- The Interactive Advertising Bureau's (IAB) latest report found that 26% of desktop users have adopted ad blocking software while 15% of mobile consumers have done the same.
- Delving into IAB’s recent research, Adweek reports that around 32% of ad block users for both desktop and mobile are males between 18 and 34, while 22% are women in the same age bracket.
- The IAB previously released two initiatives to address the different aspect of ad blocking: L.E.A.N, which is designed to improve the user experience for digital ads, and DEAL, which offers strategies for publishers on how to approach the ad block challenge.
A number of groups have conducted research on ad blocking adopting, and although the numbers aren’t always consistent — some reports have the millennial adoption rate much higher than what the IAB reports, for example — the trend is the same: ad blocking adoption is on the rise.
Three things stood out among the reasons cited by IAB’s respondents for adopting ad block software: Ads make websites load too slowly, ads are too data-heavy, and users are simply being served too many ads. The common theme boils down to user experience, with each issue impacting the user experience in a negative way.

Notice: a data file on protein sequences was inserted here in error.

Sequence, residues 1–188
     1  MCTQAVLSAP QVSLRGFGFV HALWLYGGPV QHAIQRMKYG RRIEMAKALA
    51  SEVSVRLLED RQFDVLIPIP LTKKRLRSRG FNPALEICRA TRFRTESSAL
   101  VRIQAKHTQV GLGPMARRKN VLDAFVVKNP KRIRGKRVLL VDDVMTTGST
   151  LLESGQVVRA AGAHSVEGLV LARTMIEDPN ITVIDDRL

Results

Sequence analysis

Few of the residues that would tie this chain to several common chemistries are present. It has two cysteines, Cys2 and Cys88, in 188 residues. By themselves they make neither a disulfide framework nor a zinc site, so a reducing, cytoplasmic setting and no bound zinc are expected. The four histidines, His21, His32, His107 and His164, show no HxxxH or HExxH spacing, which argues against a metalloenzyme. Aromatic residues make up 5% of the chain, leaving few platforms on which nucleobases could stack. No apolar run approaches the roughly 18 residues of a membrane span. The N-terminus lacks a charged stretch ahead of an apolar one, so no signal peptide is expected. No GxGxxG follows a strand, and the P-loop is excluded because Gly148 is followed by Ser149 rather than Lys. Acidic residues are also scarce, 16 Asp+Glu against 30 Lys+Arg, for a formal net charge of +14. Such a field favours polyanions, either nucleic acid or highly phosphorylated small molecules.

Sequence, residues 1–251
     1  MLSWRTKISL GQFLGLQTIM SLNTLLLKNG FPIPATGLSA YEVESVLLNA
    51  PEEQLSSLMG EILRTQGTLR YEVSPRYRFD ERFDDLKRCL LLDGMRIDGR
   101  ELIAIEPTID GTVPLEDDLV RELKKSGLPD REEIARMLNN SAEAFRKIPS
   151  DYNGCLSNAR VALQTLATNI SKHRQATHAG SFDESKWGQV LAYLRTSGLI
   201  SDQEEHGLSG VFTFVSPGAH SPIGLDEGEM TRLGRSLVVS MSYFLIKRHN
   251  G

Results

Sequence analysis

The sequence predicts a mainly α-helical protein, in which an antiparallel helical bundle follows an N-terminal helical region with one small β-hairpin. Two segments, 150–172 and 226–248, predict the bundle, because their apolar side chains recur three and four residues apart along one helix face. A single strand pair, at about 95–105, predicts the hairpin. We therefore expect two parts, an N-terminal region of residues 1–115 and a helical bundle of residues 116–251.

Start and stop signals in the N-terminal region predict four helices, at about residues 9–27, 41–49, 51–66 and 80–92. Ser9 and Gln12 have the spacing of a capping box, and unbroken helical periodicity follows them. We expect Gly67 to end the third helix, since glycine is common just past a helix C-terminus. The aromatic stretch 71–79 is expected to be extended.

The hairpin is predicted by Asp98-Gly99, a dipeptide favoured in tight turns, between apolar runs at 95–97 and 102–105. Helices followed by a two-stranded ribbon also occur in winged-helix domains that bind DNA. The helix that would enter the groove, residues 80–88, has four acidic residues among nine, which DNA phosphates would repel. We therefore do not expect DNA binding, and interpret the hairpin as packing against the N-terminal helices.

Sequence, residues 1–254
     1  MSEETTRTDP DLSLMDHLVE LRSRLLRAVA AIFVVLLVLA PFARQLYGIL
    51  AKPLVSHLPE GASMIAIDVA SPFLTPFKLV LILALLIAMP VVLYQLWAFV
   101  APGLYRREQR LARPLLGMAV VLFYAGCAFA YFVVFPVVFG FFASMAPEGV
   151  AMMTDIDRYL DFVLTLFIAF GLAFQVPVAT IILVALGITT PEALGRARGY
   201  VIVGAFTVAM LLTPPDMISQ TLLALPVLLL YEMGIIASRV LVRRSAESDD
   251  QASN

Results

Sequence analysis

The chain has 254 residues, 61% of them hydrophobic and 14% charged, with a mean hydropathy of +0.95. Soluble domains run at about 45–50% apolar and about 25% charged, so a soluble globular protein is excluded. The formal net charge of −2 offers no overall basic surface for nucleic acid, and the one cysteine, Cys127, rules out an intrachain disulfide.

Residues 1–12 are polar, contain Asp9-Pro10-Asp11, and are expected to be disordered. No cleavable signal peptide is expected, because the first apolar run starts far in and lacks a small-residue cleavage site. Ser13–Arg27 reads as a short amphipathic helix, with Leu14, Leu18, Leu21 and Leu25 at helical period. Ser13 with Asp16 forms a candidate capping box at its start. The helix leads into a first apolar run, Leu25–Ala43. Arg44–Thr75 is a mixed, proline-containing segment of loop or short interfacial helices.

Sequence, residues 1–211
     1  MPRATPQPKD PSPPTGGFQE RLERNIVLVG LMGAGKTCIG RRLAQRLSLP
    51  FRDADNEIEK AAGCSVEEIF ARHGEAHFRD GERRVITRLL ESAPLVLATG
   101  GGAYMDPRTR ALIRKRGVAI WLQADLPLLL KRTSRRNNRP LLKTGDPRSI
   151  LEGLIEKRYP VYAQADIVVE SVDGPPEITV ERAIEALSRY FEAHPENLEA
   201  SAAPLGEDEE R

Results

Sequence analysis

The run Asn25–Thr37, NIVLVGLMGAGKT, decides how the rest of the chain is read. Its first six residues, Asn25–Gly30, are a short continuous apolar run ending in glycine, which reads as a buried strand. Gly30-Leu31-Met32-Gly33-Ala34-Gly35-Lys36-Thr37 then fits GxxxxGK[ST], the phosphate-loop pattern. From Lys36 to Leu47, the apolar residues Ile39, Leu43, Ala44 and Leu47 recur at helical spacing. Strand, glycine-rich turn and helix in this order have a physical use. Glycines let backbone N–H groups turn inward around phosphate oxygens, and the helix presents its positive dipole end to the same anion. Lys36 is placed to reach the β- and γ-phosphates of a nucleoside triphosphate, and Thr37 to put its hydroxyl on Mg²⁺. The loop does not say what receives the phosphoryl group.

The IAB has been active in taking on the challenge, although its statements have sometimes been somewhat contradictory.
Last October, IAB executive Scott Cunningham said the industry's ad blocking issue was its own fault: "As a technologist, tasked with delivering content and services to users, we lost track of the user experience. We messed up. Looking back now, our scraping of dimes may have cost us dollars in consumer loyalty."
But this January at the IAB Annual Leadership Meeting, President Randall Rothenberg said in his keynote address that ad blocking was a war against freedom of expression and diversity, specifically calling out Adblock Plus, a leading provider of ad blocking software.
The issue is one that marketers, ad tech firms and publishers should all keep top of mind. Ad blocking has far-reaching implications for online advertising as a business model, especially as adoption continues to rise.